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Shiratani Unsuikyo was our first hiking destination on the island – it is a ravine – with a pretty name (白谷雲水峡, white valley cloud water ravine). It is one of the three most recommended hikes for the island – probably the top choice.

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We took the bus from Miyanoura which climbed the inland mountains. The road was surprisingly well-paved and wide. It must have been upgraded over the years due to the popularity of our destination, tour buses are expected. But there were hardly any cars on the road.

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The ravine is part of the Kirishima National Park which offers a network of reasonably well-maintained hiking trails that run along and around the ravine. We picked one that on paper will take two and a half hours roundtrip – from no.1 to no. 13 and back via no. 12 – the longer loop. It took much longer, as we expected, knowing our legs.

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Shiratani Unsuikyo can be closed during a heavy rainfall as the rivers can become too dangerous to cross. We were lucky in that it did not rain so there was no wading across the streams (we had to hop across at least two small ones) – the small photos in the notice board above illustrate the difference in volume before and after rain. The streams are indicated with a ” ! “.

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It must be spectacular during the rainy season here.
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Yakushima is one of the wettest places in Japan (about 10,000 mm of rainfall in a year in the mountainous area).

shiritani-5It was very pretty here.

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Beyond this bridge, the trail was no longer paved and it became steeper. We did not cross at this point as we took the prettier route (according to Wikitravel).

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One of the main attractions of Shiratani Unsuikyo is a part of the forest that served as the inspiration for Miyazaki Hayao 宮崎 駿 (Studio Ghibli) – animated film Mononoke Himeもののけ姫 (魔法公主, Princess Mononoke).

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There are more than 600 species of mosses on this island and they grew on top of each other forming dense layers on almost any surface.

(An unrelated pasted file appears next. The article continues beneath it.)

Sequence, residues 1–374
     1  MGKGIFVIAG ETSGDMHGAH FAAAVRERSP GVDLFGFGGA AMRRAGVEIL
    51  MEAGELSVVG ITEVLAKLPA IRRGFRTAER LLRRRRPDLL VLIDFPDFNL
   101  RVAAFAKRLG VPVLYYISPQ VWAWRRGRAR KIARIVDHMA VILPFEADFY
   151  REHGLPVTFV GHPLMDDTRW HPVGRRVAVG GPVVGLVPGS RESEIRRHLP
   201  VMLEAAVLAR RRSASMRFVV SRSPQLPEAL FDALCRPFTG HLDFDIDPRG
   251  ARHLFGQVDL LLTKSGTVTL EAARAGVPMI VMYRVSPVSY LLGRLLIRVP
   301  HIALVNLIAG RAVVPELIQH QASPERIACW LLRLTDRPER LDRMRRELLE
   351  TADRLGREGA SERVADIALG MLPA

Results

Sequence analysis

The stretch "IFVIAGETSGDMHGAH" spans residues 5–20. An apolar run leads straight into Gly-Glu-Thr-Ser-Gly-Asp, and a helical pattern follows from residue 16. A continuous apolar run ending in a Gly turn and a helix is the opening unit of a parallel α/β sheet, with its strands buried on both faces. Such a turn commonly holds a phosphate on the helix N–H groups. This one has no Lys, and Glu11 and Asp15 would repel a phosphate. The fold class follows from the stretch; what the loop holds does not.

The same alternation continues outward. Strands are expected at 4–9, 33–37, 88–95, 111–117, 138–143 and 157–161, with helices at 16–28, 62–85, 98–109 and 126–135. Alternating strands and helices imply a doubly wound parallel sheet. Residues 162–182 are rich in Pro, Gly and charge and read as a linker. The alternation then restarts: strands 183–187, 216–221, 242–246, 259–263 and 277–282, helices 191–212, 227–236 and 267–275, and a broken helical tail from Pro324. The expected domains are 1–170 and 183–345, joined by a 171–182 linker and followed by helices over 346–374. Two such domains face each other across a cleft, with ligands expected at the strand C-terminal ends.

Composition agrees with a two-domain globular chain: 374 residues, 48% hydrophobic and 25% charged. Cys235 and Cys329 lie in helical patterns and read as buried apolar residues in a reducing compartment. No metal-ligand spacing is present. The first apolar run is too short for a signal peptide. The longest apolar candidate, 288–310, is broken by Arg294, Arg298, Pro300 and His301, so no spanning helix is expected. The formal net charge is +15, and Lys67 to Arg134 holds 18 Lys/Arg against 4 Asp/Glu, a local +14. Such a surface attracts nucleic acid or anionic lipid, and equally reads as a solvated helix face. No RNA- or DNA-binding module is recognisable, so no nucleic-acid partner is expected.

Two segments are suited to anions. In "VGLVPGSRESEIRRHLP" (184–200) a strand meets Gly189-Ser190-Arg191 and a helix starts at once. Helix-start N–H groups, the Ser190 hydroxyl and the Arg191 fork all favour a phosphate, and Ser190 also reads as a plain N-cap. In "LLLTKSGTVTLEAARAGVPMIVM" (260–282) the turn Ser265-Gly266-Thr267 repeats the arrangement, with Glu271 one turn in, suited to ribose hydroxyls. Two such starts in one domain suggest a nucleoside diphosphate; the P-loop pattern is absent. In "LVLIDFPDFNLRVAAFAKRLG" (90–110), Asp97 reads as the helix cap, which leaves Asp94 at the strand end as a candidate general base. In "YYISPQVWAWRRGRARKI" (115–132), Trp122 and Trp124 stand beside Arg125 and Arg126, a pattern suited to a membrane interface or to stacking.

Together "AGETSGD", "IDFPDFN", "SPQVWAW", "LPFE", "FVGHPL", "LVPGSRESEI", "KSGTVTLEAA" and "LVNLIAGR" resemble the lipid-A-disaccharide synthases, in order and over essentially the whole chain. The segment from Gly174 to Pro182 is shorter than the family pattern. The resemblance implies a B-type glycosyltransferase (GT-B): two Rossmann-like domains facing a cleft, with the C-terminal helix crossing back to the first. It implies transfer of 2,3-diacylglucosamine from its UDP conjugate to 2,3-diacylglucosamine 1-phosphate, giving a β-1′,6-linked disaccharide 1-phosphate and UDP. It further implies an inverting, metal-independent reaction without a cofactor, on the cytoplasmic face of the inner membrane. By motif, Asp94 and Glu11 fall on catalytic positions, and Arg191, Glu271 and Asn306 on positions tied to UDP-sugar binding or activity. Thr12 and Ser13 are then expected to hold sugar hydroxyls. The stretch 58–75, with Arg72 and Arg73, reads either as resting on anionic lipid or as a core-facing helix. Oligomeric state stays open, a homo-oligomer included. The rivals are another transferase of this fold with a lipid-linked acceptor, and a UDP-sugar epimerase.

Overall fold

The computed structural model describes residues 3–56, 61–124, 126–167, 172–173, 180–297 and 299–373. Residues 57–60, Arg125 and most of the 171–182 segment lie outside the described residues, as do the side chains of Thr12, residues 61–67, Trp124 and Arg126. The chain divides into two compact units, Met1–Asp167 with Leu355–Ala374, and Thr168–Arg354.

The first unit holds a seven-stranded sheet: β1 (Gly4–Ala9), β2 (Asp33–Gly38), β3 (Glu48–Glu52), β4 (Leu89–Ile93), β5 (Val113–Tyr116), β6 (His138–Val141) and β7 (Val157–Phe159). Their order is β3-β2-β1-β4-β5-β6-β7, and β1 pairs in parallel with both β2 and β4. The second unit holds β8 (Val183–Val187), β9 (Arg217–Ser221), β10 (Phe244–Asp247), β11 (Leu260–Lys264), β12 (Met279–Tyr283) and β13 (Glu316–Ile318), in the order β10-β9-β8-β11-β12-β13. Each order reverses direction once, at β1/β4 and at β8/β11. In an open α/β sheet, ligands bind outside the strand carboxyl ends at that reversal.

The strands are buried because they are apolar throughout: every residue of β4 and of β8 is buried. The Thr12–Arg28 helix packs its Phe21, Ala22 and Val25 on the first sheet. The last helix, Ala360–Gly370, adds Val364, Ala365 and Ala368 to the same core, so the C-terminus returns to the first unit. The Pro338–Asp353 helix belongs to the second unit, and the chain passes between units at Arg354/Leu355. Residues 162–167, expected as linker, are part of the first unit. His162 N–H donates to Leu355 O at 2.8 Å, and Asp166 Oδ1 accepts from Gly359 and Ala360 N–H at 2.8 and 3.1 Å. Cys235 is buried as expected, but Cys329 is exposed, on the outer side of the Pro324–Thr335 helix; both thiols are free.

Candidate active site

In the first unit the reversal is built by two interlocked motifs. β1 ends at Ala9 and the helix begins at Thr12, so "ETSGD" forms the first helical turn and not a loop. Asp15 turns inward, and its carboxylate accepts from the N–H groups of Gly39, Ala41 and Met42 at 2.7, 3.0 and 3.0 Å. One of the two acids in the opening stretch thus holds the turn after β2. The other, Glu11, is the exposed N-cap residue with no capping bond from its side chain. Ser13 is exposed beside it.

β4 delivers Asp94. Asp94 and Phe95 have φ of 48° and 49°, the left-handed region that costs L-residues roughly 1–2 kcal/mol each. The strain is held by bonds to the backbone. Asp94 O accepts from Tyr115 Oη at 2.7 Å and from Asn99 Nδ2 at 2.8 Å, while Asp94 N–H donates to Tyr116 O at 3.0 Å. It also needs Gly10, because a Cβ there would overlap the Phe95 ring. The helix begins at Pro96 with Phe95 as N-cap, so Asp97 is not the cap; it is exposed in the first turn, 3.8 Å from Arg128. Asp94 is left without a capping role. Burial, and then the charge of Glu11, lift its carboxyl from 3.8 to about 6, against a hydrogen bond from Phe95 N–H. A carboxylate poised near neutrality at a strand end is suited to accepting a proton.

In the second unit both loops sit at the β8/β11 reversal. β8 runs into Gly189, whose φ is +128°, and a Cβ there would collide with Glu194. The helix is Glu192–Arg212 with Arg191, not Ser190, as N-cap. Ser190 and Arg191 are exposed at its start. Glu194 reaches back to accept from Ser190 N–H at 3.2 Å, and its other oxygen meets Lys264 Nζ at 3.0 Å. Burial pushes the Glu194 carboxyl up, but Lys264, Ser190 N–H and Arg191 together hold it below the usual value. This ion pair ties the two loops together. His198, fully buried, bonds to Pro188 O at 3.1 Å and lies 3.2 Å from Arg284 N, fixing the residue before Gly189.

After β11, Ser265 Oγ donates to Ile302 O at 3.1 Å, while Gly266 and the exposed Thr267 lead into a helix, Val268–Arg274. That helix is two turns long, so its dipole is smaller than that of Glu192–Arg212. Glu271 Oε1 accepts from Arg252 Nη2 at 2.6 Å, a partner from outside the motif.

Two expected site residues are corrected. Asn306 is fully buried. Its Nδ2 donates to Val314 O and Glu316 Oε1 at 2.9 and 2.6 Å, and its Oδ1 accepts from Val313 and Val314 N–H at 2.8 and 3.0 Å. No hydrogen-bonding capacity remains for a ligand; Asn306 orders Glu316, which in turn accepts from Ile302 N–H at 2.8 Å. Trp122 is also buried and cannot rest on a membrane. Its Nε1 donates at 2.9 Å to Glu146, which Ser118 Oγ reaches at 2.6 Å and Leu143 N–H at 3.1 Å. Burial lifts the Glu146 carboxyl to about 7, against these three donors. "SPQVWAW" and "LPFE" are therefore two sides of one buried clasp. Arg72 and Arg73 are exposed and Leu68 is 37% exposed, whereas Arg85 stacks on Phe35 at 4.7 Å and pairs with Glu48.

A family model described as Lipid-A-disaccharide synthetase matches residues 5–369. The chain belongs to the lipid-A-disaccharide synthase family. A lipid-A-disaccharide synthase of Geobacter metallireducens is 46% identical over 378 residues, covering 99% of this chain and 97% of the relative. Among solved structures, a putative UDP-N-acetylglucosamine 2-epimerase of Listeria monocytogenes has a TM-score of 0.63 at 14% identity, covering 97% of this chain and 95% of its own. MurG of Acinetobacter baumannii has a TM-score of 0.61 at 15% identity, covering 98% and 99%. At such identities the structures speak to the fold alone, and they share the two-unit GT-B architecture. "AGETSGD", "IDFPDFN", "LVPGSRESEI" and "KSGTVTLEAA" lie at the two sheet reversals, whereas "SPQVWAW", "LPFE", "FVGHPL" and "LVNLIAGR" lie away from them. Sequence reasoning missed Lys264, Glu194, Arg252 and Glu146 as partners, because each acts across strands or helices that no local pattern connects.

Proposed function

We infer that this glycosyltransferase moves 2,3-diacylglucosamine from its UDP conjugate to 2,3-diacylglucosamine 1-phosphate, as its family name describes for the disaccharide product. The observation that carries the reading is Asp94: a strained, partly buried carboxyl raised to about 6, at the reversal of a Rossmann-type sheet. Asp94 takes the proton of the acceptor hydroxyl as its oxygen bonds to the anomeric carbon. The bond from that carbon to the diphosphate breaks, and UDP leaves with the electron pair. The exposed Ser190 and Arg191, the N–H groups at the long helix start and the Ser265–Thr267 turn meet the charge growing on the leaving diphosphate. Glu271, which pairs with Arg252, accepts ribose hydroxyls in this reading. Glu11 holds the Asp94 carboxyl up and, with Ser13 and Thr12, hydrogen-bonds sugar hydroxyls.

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The lead artist for the film – Princess Mononoke, spent lots of time here working on sketches for the movie’s forests – the sinister-looking roots were spreading and crawling over fallen logs and even living trees.

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The altitude is 600m (1969ft) at the entrance and about 900m (2953ft) in the forest of Princess Mononoke.

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The fact it did not rain also meant that the rocks were not slippery. Despite having the right footwear, it was still tricky to hop from one moss-covered rock to another.

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Along the way, we saw many ancient cedar trees.

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Some roots and trunks were so ancient that one can pass through the spaces beneath their roots.

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Our turnaround point was the Shiratani hut – “white mountain hut” which is provided as a place where one can camp. We returned using a different path, the Kusugawa trail one that was used by loggers who harvested the trees in the Edo period.

Exhausted but it was good hiking, and made soaking in the hot springs and a multi-course dinner all the more deserving.

 

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